(This article belongs to the Special Issue Secure Multiparty Computation)
22 pages, 1892 KiB  
Article
Fair and Secure Multi-Party Computation with Cheater Detection
by Minhye Seo
Cryptography 2021, 5(3), 19; https://doi.org/10.3390/cryptography5030019 - 12 Aug 2021
Cited by 4 | Viewed by 3865
Abstract
Secure multi-party computation (SMC) is a cryptographic protocol that allows participants to compute the desired output without revealing their inputs. A variety of results related to increasing the efficiency of SMC protocol have been reported, and thus, SMC can be used in various [...] Read more.
Secure multi-party computation (SMC) is a cryptographic protocol that allows participants to compute the desired output without revealing their inputs. A variety of results related to increasing the efficiency of SMC protocol have been reported, and thus, SMC can be used in various applications. With the SMC protocol in smart grids, it becomes possible to obtain information for load balancing and various statistics, without revealing sensitive user information. To prevent malicious users from tampering with input values, SMC requires cheater detection. Several studies have been conducted on SMC with cheater detection, but none of these has been able to guarantee the fairness of the protocol. In such cases, only a malicious user can obtain a correct output prior to detection. This can be a critical problem if the result of the computation is real-time information of considerable economic value. In this paper, we propose a fair and secure multi-party computation protocol, which detects malicious parties participating in the protocol before computing the final output and prevents them from obtaining it. The security of our protocol is proven in the universal composability framework. Furthermore, we develop an enhanced version of the protocol that is more efficient when computing an average after detecting cheaters. We apply the proposed protocols to a smart grid as an application and analyze their efficiency in terms of computational cost. Full article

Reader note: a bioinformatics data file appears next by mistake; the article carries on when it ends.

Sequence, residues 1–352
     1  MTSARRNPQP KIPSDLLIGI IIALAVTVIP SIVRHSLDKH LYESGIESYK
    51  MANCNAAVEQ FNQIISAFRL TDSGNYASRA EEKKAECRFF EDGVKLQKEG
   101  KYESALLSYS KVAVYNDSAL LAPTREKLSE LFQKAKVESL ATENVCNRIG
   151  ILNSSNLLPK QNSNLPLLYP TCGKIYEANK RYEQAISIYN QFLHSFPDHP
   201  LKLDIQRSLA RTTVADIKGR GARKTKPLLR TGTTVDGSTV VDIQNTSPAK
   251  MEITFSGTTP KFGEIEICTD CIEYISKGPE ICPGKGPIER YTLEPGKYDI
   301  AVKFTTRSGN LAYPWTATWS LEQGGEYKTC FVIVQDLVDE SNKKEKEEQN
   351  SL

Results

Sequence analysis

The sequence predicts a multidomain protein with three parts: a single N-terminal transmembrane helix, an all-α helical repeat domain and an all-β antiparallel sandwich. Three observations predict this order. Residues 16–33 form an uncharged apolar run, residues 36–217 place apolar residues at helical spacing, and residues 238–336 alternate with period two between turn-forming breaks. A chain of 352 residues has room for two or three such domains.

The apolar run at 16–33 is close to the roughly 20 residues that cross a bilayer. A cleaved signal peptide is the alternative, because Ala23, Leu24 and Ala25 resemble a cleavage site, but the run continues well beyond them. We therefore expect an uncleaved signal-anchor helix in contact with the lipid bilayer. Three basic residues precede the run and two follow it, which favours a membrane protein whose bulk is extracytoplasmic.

(This article belongs to the Special Issue Secure Multiparty Computation)